Corey Perry

Ducks continue to hang around the playoff hunt

If you believe some people around the Anaheim Ducks, tonight is a “must-win” game for the Ducks against the St. Louis Blues at Honda Center. Win and they keep pace with the Peloton in the West—lose and the odds become even more daunting. Such is life in March of a hotly contested playoff race in the NHL.

It’s interesting in that of all the teams competing for the last few playoff spots, the Ducks seem to be flying under the radar. Maybe it’s because they got off to such a rough start that some people wrote them off way back in October. Maybe it’s because they’re holding down the last place spot in the Pacific Division. Maybe it’s because their all-star goaltender that is a huge part of their team is still out of the lineup and no one knows when he’s going to return. Whatever the reason, the Ducks are still right in the thick of the playoff race and no one seems to be talking about it.

Going into the night, the Ducks are two points out of the 8th and final playoff spot in the Western Conference. They have a game in hand on the 9th place Predators and hold 3 games in hand on the 8th place Calgary Flames. They are 5-2 over their last 7 games including a recent 4-1 homestand. You’d think there would be a little more buzz around a team thriving at this time of year, but the enthusiasm may be taking a little longer to catch on considering the recent stretch is on the heels of a 5-game losing streak.

Aside from a game against Colorado later this month, every game is against a team in the playoff hunt. The good side is if they win, they’ll be hurting their competitors. The bad part is that they better not lose many games. A couple losses against the wrong teams in the standings could make the mountain just that much tougher to climb. Including tonight’s game against the Blues, here are the opponents the Ducks will face down the stretch.

Kings (3 games)
Flames (2)
Stars (2)
Sharks (2)
Blues
Predators
Blackhawks
Avalanche

Head coach Randy Carlyle knows they’ll need to beat the teams in front of them for any chance at the playoffs.

“When you’re trying to play catch up, that’s the only way you’re going to catch them…

“There (are) no ifs, ands or buts, if we win our fair share of games against the teams that are around us that only bodes well for our chances of making the playoffs.”

 

The statistics for the Ducks are all over the place—but don’t paint the most promising picture. Their -7 goal differential is not a good sign. Usually that’s a good indicator of who will make the playoffs and who won’t—so the Nashville Predators and their +14 would lead people to believe they are the team that could sneak into the final playoff spot.

Aside from that, they’re 27th in the league with 28.5 shots per game. Equally as alarming are the shots they’re allowing every game: 25th in shots allowed per game with 32.3. Put those together and they’re the 3rd worst team when it comes to shots for vs.shots against. To put it in perspective, the only teams who are worse are the Wild and the Oilers. One of those teams has been fading and the other has been looking at the draft for 3 months. That’s not exactly the type of company any team wants to keep at this time of year.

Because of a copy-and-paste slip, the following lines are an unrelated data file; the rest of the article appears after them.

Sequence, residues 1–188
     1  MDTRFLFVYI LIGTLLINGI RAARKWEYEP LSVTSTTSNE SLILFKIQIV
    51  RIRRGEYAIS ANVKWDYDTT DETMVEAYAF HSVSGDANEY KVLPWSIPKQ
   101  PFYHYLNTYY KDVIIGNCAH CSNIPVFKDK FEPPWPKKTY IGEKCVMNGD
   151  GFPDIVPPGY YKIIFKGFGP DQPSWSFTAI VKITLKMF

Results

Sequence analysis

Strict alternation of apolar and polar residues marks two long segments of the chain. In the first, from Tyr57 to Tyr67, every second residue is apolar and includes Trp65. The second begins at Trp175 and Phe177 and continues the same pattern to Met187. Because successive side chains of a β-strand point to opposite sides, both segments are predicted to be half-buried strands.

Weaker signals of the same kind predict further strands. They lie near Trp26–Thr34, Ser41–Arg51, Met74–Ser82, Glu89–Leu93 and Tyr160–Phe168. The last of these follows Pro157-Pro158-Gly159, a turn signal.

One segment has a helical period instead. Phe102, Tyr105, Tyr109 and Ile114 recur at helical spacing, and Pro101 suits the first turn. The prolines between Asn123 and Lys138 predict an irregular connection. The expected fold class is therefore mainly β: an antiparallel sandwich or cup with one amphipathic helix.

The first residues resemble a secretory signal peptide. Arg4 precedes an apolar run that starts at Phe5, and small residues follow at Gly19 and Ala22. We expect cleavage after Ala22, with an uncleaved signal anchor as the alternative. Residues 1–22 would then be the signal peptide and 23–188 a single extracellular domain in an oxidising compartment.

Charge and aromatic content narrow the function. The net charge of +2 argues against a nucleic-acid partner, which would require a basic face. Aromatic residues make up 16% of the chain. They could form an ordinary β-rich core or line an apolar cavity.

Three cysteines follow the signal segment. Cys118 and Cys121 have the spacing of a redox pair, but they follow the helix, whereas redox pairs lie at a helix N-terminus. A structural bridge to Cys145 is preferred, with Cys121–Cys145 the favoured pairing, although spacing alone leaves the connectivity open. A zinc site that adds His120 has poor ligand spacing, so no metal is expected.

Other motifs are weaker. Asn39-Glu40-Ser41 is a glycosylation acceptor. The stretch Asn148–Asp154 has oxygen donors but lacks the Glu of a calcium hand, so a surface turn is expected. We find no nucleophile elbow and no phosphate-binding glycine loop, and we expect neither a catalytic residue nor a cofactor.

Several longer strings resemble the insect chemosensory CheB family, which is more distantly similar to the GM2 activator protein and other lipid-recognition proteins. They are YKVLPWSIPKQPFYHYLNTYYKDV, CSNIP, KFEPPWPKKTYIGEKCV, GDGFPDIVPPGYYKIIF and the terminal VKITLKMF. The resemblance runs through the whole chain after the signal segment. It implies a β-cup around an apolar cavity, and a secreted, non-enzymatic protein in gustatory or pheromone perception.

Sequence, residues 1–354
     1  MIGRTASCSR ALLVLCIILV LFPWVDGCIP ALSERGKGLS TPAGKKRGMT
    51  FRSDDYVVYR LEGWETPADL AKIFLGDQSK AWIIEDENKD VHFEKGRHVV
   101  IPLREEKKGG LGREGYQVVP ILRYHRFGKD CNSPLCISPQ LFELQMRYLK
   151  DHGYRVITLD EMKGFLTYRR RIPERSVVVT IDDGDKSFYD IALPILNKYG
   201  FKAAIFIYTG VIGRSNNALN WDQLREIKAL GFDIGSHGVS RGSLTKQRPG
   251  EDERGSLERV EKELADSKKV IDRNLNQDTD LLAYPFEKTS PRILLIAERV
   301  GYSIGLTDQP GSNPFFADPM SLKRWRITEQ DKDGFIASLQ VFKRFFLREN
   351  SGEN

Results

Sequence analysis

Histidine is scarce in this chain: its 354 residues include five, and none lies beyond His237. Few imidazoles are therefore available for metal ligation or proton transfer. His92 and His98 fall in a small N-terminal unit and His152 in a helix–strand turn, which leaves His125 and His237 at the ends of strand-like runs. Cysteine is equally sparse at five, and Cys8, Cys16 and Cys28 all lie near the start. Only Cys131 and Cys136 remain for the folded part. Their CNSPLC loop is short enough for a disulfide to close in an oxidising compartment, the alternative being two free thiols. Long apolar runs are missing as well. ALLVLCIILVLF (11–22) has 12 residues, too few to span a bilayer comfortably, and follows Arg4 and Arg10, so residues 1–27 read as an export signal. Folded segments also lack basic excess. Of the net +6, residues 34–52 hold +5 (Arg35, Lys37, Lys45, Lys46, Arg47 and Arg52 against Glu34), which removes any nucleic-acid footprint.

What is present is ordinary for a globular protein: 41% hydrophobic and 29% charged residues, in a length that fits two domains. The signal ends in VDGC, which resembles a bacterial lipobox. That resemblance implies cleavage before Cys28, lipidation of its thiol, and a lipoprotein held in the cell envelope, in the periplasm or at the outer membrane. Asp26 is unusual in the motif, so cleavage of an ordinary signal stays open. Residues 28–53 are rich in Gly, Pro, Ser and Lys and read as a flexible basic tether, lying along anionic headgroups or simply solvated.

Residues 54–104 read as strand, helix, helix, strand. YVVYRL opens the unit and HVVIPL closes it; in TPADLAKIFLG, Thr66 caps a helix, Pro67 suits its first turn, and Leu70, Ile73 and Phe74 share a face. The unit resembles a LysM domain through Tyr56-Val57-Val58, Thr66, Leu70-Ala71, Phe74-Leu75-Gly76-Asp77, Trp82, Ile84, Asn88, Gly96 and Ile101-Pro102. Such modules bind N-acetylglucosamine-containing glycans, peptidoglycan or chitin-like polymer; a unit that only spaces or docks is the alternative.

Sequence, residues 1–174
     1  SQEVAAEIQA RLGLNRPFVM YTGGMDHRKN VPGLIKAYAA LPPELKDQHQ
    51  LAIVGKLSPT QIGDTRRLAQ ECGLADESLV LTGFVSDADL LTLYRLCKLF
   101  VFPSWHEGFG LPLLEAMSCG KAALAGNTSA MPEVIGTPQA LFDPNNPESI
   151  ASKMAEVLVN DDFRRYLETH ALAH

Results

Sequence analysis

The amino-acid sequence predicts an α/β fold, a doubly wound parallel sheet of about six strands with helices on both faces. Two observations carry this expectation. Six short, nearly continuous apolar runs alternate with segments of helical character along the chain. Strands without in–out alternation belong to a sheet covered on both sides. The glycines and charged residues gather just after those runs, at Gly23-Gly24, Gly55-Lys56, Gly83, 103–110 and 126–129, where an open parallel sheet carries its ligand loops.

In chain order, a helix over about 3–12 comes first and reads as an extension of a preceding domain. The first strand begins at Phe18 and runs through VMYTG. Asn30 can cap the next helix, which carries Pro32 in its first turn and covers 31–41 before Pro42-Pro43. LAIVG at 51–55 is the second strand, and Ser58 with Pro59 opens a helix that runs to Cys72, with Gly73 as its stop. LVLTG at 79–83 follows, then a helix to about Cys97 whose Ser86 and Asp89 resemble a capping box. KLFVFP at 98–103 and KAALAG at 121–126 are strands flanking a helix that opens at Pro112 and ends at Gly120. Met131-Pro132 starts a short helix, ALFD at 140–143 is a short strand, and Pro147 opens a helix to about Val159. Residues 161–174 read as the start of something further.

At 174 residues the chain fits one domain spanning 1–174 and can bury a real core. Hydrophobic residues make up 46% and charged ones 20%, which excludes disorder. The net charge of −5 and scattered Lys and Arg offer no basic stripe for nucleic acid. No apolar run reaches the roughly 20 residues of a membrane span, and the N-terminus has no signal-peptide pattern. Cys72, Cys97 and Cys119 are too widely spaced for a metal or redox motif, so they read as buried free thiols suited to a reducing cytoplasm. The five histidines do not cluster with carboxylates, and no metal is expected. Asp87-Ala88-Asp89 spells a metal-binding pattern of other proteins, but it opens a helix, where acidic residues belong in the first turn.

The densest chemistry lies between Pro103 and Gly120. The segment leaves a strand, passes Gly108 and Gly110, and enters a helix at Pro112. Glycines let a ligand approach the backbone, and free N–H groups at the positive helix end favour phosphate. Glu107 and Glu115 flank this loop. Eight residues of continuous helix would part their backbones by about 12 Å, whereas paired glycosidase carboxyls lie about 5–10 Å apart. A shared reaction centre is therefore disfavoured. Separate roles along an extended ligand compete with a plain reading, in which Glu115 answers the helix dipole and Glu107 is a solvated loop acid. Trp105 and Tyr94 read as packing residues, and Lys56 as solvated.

Predictably, they are 25th in the NHL when it comes to 5-on-5 play. But just because they’re struggling as a whole at even strength doesn’t mean they have a hard time putting the puck in the net. They have leaned heavily on their 4th best power play which is clicking at a 21.7% rate. Corey Perry, Teemu Selanne, and Bobby Ryan are all in the top 21 in NHL scoring. The only other teams that can claim that kind of high-end scoring are the Vancouver Canucks, Chicago Blackhawks, and Dallas Stars (all playoff teams as of writing). In fact, the Ducks are the only team that has FIVE players with at least 50 points on the year. Unfortunately, that’s where their scoring ends. Besides the big 5, only one other player has more than 30 points on the season.

Ducks coach Randy Carlyle acknowledges they are going to need better balance if they want to succeed down the stretch.

“It’s the responsibility of some other people in our lineup to make more of a contribution,” Carlyle said. “As we go down the stretch, that is what teams are made up of. It’s not always your main guys who are getting the points and making a difference for you. We know in order for us to have success, everybody has to be able to accountable, both on the offensive and defensive side of the puck.”

 

It’s the lack of balance that hurts when Carlyle can’t get the match-ups he wants when he’s on the road. Their 21-12-2 record at home is one of the best in the West—however; their 16-15-3 record away from Honda Center is one of the worst. There’s no questioning that they are a different team at home—they’ll need to make the most of those 6 home games in their last 13.